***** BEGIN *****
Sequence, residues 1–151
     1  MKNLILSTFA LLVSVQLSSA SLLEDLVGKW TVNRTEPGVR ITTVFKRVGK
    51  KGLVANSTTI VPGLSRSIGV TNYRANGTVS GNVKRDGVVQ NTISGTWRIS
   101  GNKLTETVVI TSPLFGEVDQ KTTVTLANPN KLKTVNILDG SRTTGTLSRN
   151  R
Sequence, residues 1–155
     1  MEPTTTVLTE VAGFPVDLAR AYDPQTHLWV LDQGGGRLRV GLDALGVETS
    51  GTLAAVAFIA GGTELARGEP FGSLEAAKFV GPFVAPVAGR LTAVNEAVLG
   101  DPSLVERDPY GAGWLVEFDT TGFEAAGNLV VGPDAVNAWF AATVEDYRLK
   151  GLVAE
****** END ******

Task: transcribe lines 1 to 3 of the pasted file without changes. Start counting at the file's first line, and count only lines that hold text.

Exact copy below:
Sequence, residues 1–151
     1  MKNLILSTFA LLVSVQLSSA SLLEDLVGKW TVNRTEPGVR ITTVFKRVGK
    51  KGLVANSTTI VPGLSRSIGV TNYRANGTVS GNVKRDGVVQ NTISGTWRIS